Behles and Henke had previously designed a step sequencer, PX18, for their own use. Coded using Cycling 74’s Max visual programming language around 1995, PX18 was in some ways a prototype version – or at least a forerunner – of Live, with a vaguely familiar user interface. You can still find it on the Cycling 74 website, in fact.
Within a couple of years, the Monolake chaps had moved on to develop a different piece of software with a focus on sample playback. Early versions of Live were basic affairs by modern standards, but still a big step up from the simplicity of PX18, and clearly following their own path, with the focus very much on looping and triggering samples, timestretching and live manipulation of sequences and sets.
Live is an adolescent DAW compared to Logic, Cubase and co, the company being founded in 1999 and its first commercial release only arriving in 2001. As the name implies, its roots are in live performance as opposed to the studio sequencing and recording tasks that dictated the development processes of most other DAWs. The original motivation for developing the software stemmed from a frustration at the limitations of existing tools for performing with samples. Live’s entire clip-based workflow is derived from that initial raison d’etre, offering what was, at the time, a completely new approach to live performance. It’s still one of the most versatile, and effective ways to perform electronic music live.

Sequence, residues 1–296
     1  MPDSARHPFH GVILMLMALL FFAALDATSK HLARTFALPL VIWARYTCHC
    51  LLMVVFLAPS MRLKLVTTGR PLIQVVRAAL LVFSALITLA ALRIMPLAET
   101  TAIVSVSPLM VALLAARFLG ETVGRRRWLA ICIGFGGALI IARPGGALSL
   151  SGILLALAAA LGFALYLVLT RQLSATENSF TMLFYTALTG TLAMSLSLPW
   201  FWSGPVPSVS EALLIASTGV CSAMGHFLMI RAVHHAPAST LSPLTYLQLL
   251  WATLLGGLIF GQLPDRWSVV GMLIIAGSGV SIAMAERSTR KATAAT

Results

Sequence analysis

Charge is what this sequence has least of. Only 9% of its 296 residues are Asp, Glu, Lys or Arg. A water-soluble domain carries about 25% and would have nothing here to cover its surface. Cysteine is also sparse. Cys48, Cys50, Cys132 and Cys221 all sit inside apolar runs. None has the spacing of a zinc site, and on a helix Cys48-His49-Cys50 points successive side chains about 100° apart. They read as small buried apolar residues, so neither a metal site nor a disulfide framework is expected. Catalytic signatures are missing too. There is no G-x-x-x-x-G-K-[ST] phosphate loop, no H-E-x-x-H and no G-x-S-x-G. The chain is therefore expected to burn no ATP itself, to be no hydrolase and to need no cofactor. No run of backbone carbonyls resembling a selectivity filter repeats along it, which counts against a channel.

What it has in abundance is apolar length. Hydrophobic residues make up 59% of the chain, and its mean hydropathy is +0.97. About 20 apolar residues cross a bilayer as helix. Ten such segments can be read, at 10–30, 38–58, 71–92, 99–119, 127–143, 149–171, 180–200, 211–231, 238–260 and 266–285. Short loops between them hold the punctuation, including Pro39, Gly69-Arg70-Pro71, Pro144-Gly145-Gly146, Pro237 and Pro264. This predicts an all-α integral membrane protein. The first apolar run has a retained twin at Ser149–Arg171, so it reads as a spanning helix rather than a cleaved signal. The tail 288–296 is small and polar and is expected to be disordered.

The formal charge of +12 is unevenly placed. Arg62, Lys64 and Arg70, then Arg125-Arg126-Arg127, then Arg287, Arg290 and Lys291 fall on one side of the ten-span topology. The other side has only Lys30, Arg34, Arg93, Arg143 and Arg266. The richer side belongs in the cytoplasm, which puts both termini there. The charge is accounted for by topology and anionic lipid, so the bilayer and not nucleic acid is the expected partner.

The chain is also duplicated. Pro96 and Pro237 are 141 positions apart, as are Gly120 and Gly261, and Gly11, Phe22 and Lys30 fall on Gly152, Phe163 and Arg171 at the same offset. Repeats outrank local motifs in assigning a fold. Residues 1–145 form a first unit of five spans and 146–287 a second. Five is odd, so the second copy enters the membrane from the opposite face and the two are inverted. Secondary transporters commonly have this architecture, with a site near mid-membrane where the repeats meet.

We now think of Live as a fully-fledged DAW in its own right, but a lot of its key features arrived much later than you may realise. MIDI sequencing and virtual instrument support weren’t even added until version 4, which shows just how laser-focused the first few versions were on the idea of warping, triggering and arranging samples and loops.
If Live didn’t completely tear up the rules on how a DAW should work, it turned a blind eye to many existing conventions. The software’s real-time warping and sound processing options are extensive, but the Session View grid is possibly Live’s greatest contribution to music making. It’s a completely different approach to most DAWs, breaking away from the linear sequencing format and changing the way we think of arranging music (the complementary Arrangement View is closer to the traditional linear timeline used by most DAWs).